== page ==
ENV{IF_STORAGE_REMOVE_ME}=="1", DRIVERS=="usb-storage", DRIVER=="sd", RUN+="/bin/sh -c 'echo -n %k >/sys%p/driver/unbind'"

Reference: udev rule with few parent device attributes

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  • Is there a way to restrict only USB storage devices in this manner (USB mice will apparently need to work on the next systems we get to replace the aging equipment in use now). – Thomas Ward May 26 '15 at 12:15
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    Amazing and perfect, this achieves exactly what we (and I) need. Kudos to you! – Thomas Ward May 26 '15 at 13:49
  • I did a test with a USB mouse and keyboard lying around here via a VM, and was able to use those devices easily. As far as I can see this works. :) – Thomas Ward May 26 '15 at 13:52
  • @ThomasW. , User can get around this, because all it does hiding the hook in the GUI. The disk still there and it can be mounted using CLI, Disks Utility or Gparted... I will look of sysfs solution – user.dz May 26 '15 at 14:00
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    True, but we only have a small handful of power users who have administrative access anyways, and none of them are of a concern for these systems. They're basically research systems and we want to block other drives in the sense that the GUI doesn't automount it and such. – Thomas Ward May 26 '15 at 14:44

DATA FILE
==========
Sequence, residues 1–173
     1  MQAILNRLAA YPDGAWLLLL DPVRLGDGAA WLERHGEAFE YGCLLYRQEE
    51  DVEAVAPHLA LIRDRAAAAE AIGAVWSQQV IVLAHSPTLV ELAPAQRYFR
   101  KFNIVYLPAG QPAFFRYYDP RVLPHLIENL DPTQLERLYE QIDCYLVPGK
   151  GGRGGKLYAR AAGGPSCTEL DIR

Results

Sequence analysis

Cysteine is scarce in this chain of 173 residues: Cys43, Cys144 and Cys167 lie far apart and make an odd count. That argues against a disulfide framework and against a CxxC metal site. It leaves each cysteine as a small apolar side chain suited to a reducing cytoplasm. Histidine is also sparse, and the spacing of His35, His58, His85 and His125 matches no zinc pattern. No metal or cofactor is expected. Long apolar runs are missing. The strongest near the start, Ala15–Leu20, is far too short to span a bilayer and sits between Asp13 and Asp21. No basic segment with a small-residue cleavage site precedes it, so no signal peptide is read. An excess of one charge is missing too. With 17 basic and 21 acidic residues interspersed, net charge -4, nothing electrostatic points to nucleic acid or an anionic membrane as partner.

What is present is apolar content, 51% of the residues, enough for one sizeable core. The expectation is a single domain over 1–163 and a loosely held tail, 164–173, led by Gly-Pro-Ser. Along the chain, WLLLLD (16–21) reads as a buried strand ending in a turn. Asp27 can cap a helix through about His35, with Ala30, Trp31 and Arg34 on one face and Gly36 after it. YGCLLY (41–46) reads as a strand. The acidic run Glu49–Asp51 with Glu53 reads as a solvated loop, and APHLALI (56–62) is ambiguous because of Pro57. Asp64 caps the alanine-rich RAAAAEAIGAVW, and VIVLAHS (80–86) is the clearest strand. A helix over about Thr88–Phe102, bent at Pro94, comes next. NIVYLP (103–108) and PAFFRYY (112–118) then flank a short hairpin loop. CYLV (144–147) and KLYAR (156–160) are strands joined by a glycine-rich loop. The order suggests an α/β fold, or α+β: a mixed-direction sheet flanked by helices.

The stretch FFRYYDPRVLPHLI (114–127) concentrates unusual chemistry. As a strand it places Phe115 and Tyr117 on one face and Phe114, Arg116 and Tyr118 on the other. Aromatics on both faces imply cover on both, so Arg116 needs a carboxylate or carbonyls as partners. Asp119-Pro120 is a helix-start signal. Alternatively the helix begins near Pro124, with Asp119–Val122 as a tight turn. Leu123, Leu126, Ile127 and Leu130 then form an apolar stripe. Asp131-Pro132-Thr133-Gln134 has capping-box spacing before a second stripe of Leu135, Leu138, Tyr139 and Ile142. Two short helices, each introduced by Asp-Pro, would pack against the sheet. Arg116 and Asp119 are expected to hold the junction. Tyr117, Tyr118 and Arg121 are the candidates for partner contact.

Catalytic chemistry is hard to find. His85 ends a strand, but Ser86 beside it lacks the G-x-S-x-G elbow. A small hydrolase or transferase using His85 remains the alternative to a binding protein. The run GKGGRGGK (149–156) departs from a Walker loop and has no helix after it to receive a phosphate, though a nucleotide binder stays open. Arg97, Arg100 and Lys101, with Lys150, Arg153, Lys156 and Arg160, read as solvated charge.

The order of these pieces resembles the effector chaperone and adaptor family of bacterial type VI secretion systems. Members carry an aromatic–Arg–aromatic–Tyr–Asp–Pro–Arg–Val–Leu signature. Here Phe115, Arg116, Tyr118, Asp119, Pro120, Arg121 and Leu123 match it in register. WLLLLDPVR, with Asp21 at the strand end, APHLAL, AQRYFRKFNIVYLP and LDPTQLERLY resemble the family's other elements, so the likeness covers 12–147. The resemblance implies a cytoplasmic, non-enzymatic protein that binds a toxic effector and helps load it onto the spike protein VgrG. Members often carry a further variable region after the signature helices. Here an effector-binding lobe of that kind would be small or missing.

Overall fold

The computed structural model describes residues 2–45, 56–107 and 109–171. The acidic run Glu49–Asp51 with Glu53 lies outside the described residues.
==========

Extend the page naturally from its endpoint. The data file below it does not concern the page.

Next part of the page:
NOTE: Obsoleted by Sneetsher's answer. This answer is left here for legacy reasons.

So, I sorta solved this, and it was a PAIN to do.

I reexamined the restrictions in my rules, and I changed functionality. Apparently, 12.04 doesn't honor the ignore_device option. So, I improvised and wrote an unmount script. Since there's only one functional USB port on these systems, we end up with the following, which I KNOW may break other things:


# If a device is NOT a Kingston drive, ignore it.
ACTION=="add", ATTRS{idVendor}!="0951", OPTIONS+="ignore_device", RUN+="/usr/bin/logger UnauthorizedUSBConnected", RUN+="/lib/udev/unmount.sh"

# If a device is a Kingston drive, but is NOT the model we have, ignore it.
ACTION=="add", ATTRS{idVendor}=="0951", ATTRS{idProduct}!="1665", OPTIONS+="ignore_device", RUN+="/usr/bin/logger UnauthorizedUSBConnected", RUN+="/lib/udev/unmount.sh"

# If a device is a Kingston drive and is the model we have, then run a script
ACTION=="add", ATTRS{idVendor}=="0951", ATTRS{idProduct}=="1665", RUN+="/lib/udev/syslog-authorized-device-connected.sh", RUN+="/usr/bin/logger AuthorizedUSBConnected"

/lib/udev/unmount.sh - Just a script that checks first for currently existing devices, and then checks all the other drive devices and unmounts if and only if the script runs. Since all devices would be sdb, sdc, etc. there's ways to make it work for everything.

Moral of the story: the system ignores the ignore_device option in 12.04. Gotta script everything. :/

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  • 1
    Your udev rules can use what is described here superuser.com/a/617454/34387 instead of shell script. Or you can use it in your script either. – solsTiCe May 22 '15 at 14:39
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    @solsTiCe That's a good point. We could do either, but the longer term problem is new systems that are in the category will have more than one functional USB, at which point I need it scripted to handle any USB bus/port combo. For the current implementation the dirty solution works, but it's mostly a proof of concept first before actually whittling away at it to fix it. – Thomas Ward May 22 '15 at 15:07